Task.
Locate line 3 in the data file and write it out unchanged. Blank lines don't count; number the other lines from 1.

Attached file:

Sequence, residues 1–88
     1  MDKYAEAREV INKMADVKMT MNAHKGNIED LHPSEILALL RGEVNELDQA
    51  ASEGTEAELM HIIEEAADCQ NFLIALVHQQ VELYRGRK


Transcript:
    51  ASEGTEAELM HIIEEAADCQ NFLIALVHQQ VELYRGRK